Welcoming remarks by Christos Giakoumopoulos
International Conference: Immigration Detention of Children: Coming to a Close?
25 - 26 September 2017, Prague
Ladies and Gentlemen,
It is my honour to join Minister Pelikán in welcoming you to this international Conference, hosted within the framework of the Czech Chairmanship of the Committee of Ministers of the Council of Europe.
I would like to extend my warm thanks to the Czech authorities, Minister Pelikán and the Czech Ministry of Justice, in particular Vít Schorm and his dedicated team, for their initiative, professionalism and efficiency in organising this Conference.
Ladies and Gentlemen,
Today´s reality is that children make up a striking proportion of the migrant and refugee population, not only in Europe but globally.
Many of them are fleeing war, conflict, persecution, discrimination, poverty and other precarious situations. On their journey, they are all too often exposed to severe risks of human rights violations, including violence, abuse, exploitation and neglect.
These children come from different countries. They may leave behind different personal scenarios, and have different individual stories, for which we may have different levels of sympathy. But they all have, at least, two things in common: (a) they are particularly vulnerable and exposed; and (b) they need protection and care. Not only do they need protection, but it is their international right to receive it. Our States have a duty to grant this protection.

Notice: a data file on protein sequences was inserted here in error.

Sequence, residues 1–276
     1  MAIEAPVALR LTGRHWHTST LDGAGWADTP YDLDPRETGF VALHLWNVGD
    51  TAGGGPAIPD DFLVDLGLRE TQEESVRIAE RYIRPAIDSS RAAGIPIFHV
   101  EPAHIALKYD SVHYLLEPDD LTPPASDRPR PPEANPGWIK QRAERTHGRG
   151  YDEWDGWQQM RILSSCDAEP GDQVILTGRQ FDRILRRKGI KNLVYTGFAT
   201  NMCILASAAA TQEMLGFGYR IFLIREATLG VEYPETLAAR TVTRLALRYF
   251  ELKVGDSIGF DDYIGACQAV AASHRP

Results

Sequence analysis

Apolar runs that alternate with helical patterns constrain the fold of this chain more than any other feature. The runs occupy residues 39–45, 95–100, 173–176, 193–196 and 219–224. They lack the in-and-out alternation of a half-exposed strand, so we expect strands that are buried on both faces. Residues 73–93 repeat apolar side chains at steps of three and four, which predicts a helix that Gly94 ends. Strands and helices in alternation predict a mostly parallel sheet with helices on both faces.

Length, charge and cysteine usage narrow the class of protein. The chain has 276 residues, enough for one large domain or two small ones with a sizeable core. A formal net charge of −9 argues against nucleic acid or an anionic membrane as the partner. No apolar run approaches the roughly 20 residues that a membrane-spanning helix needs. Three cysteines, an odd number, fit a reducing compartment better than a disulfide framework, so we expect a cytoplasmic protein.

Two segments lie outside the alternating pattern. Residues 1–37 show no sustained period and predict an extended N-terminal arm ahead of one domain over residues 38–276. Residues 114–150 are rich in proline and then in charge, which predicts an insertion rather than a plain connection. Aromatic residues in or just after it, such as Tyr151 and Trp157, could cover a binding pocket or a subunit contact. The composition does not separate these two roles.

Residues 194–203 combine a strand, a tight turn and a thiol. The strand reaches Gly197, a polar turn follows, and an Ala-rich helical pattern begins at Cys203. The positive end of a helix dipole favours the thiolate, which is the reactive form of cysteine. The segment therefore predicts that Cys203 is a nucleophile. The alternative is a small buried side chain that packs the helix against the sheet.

This is not only a legal obligation. It is more than that. In a globalized world, these children, just like children in Prague, Strasbourg, Lesvos or Calais, will make our common future. Their determination to build a world of tolerance, prosperity and freedom, or to revert to violence, hate and fear, will shape the future and the destiny of our civilisation.
As for detention, the right to freedom and security, on which human rights are based, at least since the Habeas Corpus Act, is central to our civilisation and to democracy.
This Conference will thus ask some fundamental questions on children and detention, in other words, on our future and our freedoms. It will ask whether normalizing detention is a major conceptual change for our societies. It will ask to what extent child detention as such raises an issue of compliance with international human rights standards. It will ask when, if ever, detention is in the best interests of the migrant child. It will ask about the impact of detention on the health, well-being and development of the child, with or without its parents or caregivers; and it will ask about the dynamic relationship between detention and vulnerability.
Crucially, the Conference will ask what we are going to do about the situation; how exactly we shall continue moving forward and forge results. It will ask about other and better ways of doing things.
This is where alternatives come into the picture. Developing effective alternatives to immigration detention may, of course, prove a challenging task on the ground, but promising examples show that it is far from an impossible one. And, for children, it is a necessity. But if this necessity is to become a lived reality, we need to enhance, spread and further develop not only principles but practices that States believe in and want to adopt.
The day may indeed come, when we do not speak of “alternatives” to detention for migrant children, for the simple fact that detention will never be an option. That day may be close, but it has not yet arrived. We must understand why, analyse the risks of the situation, and address the root causes and concerns.
In closing, let me again, on behalf of the Council of Europe, wish you all warmly welcome to this Conference. I wish you fruitful discussions and thank you for your attention.